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S. 1953: Tribal Law and Order Reauthorization and Amendments Act of 2017

A bill to amend the Tribal Law and Order Act of 2010 and the Indian Law Enforcement Reform Act to provide for advancements in public safety services to Indian communities, and for other purposes.

The bill’s titles are written by its sponsor.

Sponsor and status

John Hoeven

Sponsor. Senior Senator for North Dakota. Republican.

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Last Updated: Oct 5, 2017
Length: 42 pages
Introduced:

Oct 5, 2017

Status:

Ordered Reported on Feb 14, 2018

The committees assigned to this bill sent it to the House or Senate as a whole for consideration on February 14, 2018.

Prognosis:

22% chance of being enacted according to Skopos Labs (details)

History

Oct 5, 2017
 
Introduced

Bills and resolutions are referred to committees which debate the bill before possibly sending it on to the whole chamber.

Oct 25, 2017
 
Considered by Senate Committee on Indian Affairs

A committee held a hearing or business meeting about the bill.

Feb 14, 2018
 
Ordered Reported

A committee has voted to issue a report to the full chamber recommending that the bill be considered further. Only about 1 in 4 bills are reported out of committee.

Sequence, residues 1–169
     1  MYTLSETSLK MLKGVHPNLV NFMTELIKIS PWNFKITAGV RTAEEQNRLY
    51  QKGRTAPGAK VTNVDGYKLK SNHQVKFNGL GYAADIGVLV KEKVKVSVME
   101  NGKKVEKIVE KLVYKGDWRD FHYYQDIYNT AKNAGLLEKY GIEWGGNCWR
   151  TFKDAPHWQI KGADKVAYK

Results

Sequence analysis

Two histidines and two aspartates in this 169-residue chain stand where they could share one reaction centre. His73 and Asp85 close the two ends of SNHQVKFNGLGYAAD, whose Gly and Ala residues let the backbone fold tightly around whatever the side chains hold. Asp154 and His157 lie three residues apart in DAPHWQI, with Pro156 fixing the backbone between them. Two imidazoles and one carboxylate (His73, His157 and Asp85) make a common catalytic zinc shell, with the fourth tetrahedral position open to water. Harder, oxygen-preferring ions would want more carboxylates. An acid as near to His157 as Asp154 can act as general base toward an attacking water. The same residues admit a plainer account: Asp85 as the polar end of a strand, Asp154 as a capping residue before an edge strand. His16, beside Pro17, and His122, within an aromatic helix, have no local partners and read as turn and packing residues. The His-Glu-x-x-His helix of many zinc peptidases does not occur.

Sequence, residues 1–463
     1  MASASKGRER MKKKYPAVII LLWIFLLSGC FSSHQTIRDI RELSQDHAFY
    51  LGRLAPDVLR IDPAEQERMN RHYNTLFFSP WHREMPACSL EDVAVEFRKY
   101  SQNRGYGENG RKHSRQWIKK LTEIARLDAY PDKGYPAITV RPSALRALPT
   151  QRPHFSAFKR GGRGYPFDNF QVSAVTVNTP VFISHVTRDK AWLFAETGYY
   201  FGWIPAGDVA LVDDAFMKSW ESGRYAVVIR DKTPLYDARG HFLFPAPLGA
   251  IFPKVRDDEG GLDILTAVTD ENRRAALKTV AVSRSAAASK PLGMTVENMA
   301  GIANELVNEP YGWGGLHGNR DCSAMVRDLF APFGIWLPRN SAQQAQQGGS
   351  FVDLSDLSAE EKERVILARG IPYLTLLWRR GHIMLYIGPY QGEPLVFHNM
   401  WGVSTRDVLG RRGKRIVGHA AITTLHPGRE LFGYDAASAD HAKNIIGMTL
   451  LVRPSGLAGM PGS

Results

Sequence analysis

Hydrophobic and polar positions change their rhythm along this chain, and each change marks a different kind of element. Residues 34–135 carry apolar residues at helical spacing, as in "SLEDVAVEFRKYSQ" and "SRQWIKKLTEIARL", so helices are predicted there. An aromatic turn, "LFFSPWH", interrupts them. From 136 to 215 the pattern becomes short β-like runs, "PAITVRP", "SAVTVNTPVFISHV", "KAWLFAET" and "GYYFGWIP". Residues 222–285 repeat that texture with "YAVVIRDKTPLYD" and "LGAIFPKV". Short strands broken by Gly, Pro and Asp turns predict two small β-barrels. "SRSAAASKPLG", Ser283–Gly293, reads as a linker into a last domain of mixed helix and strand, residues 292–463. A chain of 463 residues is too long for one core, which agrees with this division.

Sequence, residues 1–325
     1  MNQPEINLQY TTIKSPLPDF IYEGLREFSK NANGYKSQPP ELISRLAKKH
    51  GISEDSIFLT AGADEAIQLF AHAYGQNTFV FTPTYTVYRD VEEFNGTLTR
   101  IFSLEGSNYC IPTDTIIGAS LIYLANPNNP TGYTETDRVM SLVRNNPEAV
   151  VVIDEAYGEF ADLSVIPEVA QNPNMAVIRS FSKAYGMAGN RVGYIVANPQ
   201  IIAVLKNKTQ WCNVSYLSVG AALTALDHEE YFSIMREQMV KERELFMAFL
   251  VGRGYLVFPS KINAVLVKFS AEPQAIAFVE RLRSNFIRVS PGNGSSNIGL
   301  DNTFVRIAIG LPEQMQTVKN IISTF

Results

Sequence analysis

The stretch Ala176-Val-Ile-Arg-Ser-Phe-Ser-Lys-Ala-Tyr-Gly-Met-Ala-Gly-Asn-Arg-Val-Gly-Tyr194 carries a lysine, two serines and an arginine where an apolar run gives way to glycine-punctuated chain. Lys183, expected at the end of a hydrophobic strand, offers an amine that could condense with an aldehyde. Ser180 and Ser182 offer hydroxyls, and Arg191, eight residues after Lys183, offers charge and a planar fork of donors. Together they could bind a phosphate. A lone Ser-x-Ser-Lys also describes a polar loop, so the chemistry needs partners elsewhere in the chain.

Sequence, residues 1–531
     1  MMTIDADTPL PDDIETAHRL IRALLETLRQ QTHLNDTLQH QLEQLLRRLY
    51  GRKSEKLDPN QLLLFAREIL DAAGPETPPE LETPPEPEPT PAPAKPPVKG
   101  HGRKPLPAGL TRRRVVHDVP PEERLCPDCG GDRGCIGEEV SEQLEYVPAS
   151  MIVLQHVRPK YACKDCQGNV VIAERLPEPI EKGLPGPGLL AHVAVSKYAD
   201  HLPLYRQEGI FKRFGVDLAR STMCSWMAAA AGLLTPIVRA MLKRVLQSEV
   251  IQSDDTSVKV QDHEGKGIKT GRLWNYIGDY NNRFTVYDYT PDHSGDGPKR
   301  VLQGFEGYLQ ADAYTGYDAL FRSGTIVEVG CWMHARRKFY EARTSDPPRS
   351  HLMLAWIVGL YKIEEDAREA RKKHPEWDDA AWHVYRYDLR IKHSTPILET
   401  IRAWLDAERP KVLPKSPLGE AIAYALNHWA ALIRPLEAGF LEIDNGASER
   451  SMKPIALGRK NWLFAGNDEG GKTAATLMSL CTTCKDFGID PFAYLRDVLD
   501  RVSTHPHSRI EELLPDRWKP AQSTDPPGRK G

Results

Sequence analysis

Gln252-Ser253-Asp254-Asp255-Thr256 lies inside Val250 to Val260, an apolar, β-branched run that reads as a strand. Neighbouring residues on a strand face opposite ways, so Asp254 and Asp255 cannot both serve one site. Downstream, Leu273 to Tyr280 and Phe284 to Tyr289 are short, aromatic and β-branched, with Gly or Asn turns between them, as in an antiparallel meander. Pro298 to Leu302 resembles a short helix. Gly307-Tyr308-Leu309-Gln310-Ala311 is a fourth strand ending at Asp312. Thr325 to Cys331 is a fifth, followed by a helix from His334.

Pending
 
Passed Senate (House next)

Pending
 
Passed House

Pending
 
Signed by the President

S. 1953 is a bill in the United States Congress.

A bill must be passed by both the House and Senate in identical form and then be signed by the President to become law.

How to cite this information.

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“S. 1953 — 115th Congress: Tribal Law and Order Reauthorization and Amendments Act of 2017.” www.GovTrack.us. 2017. July 18, 2018 <https://www.govtrack.us/congress/bills/115/s1953>

Where is this information from?

GovTrack automatically collects legislative information from a variety of governmental and non-governmental sources. This page is sourced primarily from Congress.gov, the official portal of the United States Congress. Congress.gov is generally updated one day after events occur, and so legislative activity shown here may be one day behind. Data via the congress project.